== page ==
Jump to content


Photo

Tire size


  • Please log in to reply
26 replies to this topic

#21 lirch

lirch

    Advanced Contributor

  • Forum Member
  • PipPipPip
  • 392 posts

Posted 28 October 2019 - 09:22 PM

Bigger tires aren’t necessarily gonna give you that much of a difference unless your frame has clearance for a substantial jump which would likely require a smaller wheel size. They’re just going to be bigger tires that you almost have to max out in psi to make sure you don’t pinch flat.

When it slipped, were you trying to stand and climb by mashing on as big of a gear as you could handle or were you sitting and in your easiest gear trying to spin more with your weight back over the rear wheel and your chin toward the stem?

I ask, because you’ve said you’re fairly new to the sport and thought you might just need a few technique pointers. Also curious what size frame you got compared to your height and leg/torso length. Maybe consider a Roots MTB Clinic or brush up on some skills by watching some vids on Pinkbike or YouTube.

Otherwise, bigger tubed tires are not going to give you the same benefit as going tubeless. It’d basically be a sidestep whereas tubeless is a step forward. Bigger tires, setup tubeless? That’s two steps forward!
  • Craig likes this

#22 TwentyMiles

TwentyMiles

    Newbie

  • Forum Member
  • Pip
  • 23 posts

Posted 28 October 2019 - 09:56 PM

I'm 6 foot even and weigh 220. I have watched YouTube videos and taken the approach of building momentum prior to climbs, coming off the saddle and putting my chest over the handle bars. The bike I am using is really not designed for much beyond a green trail and I am riding blue/black trails. I really just need to get a new bike.

What I don't get on the bikes is if I go up one model level, all I gain is one additional rear gear, 2 millimeters thicker fork stantion, and everything else is the exactly same....and the bike is $250 more! The price to benefit has me lost

#23 lirch

lirch

    Advanced Contributor

  • Forum Member
  • PipPipPip
  • 392 posts

Posted 29 October 2019 - 12:59 AM

The technique you’re referencing is that of a racer or single speeder. Try staying seated while you climb to help keep your rear wheel planted, use your easiest gear (cause that’s what they’re there for), bring your chest closer to your top tube, and your chin closer to your bars/stem.

You try climbing like that on a full suspension and you’re likely going to have the same result.
  • Craig likes this

#24 Eazy_E

Eazy_E

    Newbie

  • Forum Member
  • Pip
  • 21 posts

Posted 29 October 2019 - 05:39 PM

If an extra $250 buys you a burlier fork, that's money well spent. A 200 plus pound man doesn't need to ride on 32mm stanchions. There, I said it. Updating later to a Pike, Yari, Revelation, Fox34/36, or something exotic like a DVO Diamond will be like $600 minimum to over a thousand. 12sp vs 11sp? That's for you to decide. The higher spec should come with better brakes too and that's a very worthwhile upgrade. I was nothing less than astounded the difference between XT icetech brakes and the Avids that came with the bike.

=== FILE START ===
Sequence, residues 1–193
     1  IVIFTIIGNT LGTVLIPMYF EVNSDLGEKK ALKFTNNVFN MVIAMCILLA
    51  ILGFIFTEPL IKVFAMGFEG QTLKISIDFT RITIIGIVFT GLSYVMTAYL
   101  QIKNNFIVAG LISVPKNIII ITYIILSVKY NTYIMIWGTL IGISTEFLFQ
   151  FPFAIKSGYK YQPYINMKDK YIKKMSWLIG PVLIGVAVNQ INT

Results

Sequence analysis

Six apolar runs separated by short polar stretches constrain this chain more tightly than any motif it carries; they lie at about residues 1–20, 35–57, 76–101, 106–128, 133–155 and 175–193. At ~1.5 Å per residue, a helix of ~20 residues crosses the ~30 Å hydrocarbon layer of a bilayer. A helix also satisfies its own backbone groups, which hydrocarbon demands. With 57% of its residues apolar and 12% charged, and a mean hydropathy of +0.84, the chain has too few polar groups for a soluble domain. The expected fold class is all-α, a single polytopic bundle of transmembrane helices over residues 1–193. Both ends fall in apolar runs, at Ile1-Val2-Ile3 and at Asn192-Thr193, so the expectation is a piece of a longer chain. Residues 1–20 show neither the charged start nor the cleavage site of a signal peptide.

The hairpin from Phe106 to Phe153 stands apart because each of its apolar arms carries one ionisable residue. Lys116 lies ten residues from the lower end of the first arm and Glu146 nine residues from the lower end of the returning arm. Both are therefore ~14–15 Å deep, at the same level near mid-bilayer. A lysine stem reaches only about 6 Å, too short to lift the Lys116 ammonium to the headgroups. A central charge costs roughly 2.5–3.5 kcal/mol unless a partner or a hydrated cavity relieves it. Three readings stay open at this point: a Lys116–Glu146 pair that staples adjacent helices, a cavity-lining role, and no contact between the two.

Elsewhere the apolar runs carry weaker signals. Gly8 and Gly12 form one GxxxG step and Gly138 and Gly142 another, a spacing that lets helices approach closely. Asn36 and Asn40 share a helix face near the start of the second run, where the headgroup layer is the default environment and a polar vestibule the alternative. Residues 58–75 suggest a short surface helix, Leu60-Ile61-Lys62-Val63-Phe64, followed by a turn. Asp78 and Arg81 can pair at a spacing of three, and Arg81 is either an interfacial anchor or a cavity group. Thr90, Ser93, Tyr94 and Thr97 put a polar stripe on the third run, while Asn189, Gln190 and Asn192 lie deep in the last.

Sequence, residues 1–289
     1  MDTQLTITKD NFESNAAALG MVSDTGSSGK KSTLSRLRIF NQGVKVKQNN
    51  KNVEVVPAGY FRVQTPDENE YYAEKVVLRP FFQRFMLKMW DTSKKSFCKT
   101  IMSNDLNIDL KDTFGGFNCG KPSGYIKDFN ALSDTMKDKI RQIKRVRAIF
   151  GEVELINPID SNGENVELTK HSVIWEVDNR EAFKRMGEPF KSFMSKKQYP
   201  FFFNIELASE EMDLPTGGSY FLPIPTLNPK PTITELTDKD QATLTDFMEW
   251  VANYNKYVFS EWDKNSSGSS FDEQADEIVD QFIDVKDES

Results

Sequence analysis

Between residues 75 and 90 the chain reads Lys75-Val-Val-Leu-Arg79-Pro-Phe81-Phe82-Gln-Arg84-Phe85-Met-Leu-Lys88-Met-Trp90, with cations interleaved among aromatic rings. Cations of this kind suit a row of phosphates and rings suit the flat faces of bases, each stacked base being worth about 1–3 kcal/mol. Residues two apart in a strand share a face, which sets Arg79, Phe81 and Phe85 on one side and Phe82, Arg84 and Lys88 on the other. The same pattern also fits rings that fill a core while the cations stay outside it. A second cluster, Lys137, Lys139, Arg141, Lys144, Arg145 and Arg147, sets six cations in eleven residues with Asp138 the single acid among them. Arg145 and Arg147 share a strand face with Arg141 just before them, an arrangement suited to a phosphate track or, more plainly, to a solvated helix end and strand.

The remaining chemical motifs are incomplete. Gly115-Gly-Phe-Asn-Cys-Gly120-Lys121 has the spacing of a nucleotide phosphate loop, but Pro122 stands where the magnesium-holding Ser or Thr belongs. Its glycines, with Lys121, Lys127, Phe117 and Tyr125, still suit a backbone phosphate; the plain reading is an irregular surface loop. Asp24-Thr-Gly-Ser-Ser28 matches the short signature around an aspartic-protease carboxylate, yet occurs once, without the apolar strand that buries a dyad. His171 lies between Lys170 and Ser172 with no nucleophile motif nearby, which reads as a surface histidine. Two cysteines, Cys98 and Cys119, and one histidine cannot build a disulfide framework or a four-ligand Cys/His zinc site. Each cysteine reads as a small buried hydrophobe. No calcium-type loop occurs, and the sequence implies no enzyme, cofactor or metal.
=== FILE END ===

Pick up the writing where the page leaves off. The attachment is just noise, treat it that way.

So overall, yeah, I'd say go for the higher spec. Or just plan to upgrade as things break.

#25 TwentyMiles

TwentyMiles

    Newbie

  • Forum Member
  • Pip
  • 23 posts

Posted 01 November 2019 - 08:00 PM

I rode Grotpeter todaThe technique you’re referencing is that of a racer or single speeder. Try staying seated while you climb to help keep your rear wheel planted, use your easiest gear (cause that’s what they’re there for), bring your chest closer to your top tube, and your chin closer to your bars/stem.

You try climbing like that on a full suspension and you’re likely going to have the same result.

I rode Grotpeter today and dodged many deer.  This worked well!  At first I had the front tire bouncing up on bigger roots.  Let 2 more pounds of air out and it was a great ride.  It felt much different than standing, but worked great and I powered up every climb.  Thank you for the advice.


  • lirch likes this

#26 falasi4

falasi4

    Advanced Contributor

  • Forum Member
  • PipPipPip
  • 389 posts

Posted 18 November 2019 - 12:02 PM

your mileage may vary but from a 50+ perspective (close to 200lbs)

 

In general I can get away with a lot less psi using tubes than a lot would think- likely my riding style (I float/unweight the bike a lot)

I also run a little bit (2oz or less) of stans inside the tubes which is something I started doing while frequenting trails in New Mexico with a lot of little thorns but has made pinch flats everywhere else a non-issue.

 

My hard tail 29r single speed ended up with a short travel suspension seat post.  I only ride it on fairly tame (Cliff Cave/SIUE) trails with 2.1" tires and 25psi is all I need.

 

My geared 29r has a better supsension seat post and longer travel fork and I get below 25psi with no issues - Schwalbe Racing Ralphs

 

Dualie 29r (Giant Anthem X) has 2.25 and typically running ~22psi with tubes - Schwalbe Knobby Nics



#27 estoys

estoys

    Newbie

  • Forum Member
  • Pip
  • 16 posts

Posted 27 November 2019 - 11:23 AM

I'm on board with Falasi4 above on this one.  If you work on floating over obstacles rather than bashing into them, you can get by with tubes.  I weigh between 180 and 200 based on season & ride a GTForce with 27.5 x 2.4®  2.6(F) Minions.  I run tubes in them and am normally at around 22psi.  This setup has been to Ocala, FL, Brevard, NC and Fruita,CO this year and I haven't flatted.  I have even bought the Gorilla tape and Orange Seal to do the tubeless conversion, but I never get around to it because it hasn't been a problem.

 

I had never thought of putting a little sealant in the tubes before.  I might try that.






0 user(s) are reading this topic

0 members, 0 guests, 0 anonymous users